Well, that's just the principal of data encapsulation: It's better that you let the object manage his own data members (in this context: variables), object oriented programming follows the concept of: "divide and conquer", you don't have to remember what all variables in a class stand for, you don't have to remember what all those help-functions do, you only have to remember the interface of your object.
It's better that all those complex things are out of your eyesight, but declaring a data member inside the private section of your object also ensures that your program (or a function) for example cannot accidentally change a variable's value. (It helps you to introduce less bugs in your program)

The interface of an object should define an easy way to let your program communicate with the object.

One important thing you should keep in mind while designing a class is: when there's no need to be able to access the data members of an object directly, you should make them private, in that case you're sure that the data can only be changed by the object's methods itself, and not from anywhere else in your program.

An example:

#include<iostream>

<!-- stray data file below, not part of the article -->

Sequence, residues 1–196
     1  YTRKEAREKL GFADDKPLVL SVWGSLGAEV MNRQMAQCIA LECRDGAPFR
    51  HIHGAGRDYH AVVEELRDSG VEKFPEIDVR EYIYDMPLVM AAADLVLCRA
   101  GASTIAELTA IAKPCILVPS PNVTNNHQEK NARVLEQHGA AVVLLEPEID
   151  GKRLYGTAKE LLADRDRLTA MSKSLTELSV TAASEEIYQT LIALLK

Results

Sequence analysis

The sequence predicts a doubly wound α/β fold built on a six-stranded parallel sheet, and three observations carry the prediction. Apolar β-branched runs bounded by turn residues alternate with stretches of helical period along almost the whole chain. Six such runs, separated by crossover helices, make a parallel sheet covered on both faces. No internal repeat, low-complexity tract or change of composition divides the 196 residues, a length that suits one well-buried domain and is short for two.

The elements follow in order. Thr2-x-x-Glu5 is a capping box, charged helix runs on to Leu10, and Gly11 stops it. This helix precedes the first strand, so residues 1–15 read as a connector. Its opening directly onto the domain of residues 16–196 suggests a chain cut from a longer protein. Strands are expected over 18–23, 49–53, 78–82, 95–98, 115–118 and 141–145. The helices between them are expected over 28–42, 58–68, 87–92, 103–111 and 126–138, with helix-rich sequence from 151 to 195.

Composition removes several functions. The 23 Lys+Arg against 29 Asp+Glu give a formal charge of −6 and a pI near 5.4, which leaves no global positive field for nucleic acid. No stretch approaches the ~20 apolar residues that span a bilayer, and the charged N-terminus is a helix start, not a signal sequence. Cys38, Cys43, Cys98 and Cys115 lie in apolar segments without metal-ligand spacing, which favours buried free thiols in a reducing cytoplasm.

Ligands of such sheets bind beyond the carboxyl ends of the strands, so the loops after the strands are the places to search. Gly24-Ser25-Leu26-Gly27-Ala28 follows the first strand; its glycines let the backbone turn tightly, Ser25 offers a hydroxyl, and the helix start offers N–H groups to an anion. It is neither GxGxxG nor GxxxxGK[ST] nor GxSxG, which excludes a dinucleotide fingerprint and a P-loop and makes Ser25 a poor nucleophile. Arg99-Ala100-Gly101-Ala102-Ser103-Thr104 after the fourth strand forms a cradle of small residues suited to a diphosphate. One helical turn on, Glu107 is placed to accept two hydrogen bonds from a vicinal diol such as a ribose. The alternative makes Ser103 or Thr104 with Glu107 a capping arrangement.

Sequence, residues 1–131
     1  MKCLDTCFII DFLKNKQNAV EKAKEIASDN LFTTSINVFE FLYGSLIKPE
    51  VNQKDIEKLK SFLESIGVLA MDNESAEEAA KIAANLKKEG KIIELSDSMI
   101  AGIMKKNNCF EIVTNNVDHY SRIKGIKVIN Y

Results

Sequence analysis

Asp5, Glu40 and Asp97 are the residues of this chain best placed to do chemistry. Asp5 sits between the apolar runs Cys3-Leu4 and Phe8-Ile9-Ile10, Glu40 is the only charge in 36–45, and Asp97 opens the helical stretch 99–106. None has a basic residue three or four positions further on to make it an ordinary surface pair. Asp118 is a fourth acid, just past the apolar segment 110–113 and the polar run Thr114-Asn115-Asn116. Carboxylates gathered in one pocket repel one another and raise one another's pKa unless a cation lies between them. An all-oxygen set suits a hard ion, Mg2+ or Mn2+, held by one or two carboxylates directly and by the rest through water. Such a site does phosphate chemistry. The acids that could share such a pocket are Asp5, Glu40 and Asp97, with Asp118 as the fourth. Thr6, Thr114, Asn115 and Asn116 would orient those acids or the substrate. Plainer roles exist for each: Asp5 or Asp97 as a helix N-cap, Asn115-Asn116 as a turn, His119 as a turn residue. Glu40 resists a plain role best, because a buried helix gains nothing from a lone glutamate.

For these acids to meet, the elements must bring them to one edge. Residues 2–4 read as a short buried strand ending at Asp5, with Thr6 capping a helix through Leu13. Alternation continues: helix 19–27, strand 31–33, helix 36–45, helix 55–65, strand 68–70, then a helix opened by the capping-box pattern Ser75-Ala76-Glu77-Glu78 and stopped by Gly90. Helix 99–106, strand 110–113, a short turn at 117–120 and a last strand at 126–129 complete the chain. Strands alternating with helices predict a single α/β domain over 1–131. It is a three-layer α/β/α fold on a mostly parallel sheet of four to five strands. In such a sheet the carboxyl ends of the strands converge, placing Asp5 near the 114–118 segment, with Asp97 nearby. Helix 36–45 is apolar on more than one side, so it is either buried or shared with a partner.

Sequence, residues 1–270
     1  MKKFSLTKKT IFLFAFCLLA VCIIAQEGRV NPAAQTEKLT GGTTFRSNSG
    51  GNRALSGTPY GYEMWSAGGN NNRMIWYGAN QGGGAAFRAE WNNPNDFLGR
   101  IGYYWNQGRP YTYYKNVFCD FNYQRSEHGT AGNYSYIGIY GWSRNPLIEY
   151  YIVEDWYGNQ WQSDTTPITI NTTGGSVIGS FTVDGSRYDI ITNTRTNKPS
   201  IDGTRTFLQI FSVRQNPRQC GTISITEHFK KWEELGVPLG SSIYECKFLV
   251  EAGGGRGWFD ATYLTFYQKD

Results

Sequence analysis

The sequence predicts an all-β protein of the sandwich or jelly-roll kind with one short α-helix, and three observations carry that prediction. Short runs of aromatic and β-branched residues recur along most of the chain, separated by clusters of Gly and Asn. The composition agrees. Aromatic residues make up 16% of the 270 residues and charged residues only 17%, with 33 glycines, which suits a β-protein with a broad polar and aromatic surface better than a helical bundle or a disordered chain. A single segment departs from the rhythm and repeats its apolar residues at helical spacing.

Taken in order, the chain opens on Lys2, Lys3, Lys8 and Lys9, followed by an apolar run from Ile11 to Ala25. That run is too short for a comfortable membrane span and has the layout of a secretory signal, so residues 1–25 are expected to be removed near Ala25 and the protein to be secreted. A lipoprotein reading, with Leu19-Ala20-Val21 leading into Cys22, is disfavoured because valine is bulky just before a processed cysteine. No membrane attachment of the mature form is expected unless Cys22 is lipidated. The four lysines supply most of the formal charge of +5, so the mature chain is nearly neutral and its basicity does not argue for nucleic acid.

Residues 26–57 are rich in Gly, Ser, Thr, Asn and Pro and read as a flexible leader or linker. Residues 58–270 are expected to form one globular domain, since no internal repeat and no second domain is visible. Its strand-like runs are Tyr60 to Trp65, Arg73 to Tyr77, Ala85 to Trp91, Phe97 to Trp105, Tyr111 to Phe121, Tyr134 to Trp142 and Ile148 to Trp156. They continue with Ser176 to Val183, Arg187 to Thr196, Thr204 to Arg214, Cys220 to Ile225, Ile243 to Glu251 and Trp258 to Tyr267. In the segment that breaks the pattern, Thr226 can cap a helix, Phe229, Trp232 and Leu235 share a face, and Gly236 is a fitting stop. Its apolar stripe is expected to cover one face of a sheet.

using namespace std;

class bird
{
private:
    int count;

public:
    void seen() { count++; }
    int get_count() { return count; }
    
    bird()
    {
        // constructor
        count = 0;
    }
};

int main()
{
    bird starling;
    
    cout << "< Begin observation >" << endl;
    cout << "Number of starlings observed: " << starling.get_count() << endl;
    
    starling.seen();
    
    cout << "Number of starlings observed: " << starling.get_count() << endl;
    cout << "< End of observation >" << endl;
    
    return 0;
}

Note:: The constructor of an object will be called at the time when the object is being created ("constructed"), a constructor is used to initialize variables in the object, to prepare the object for being used within your program.

Comments
for the effort put in this thread

I'm wondering whether the OP is still interested in new posts in his thread.

Not everyone spends every single free minute on a C++ forum like us, so (s)he might still come back. I know: It's hard to comprehend, but I've even heard rumors that there are people who actually don't like programming at all :S Can you imagine? :icon_wink:

Comments
Yeh, I've seen people coming back after a year :P
This article has been dead for over six months. Start a new discussion instead.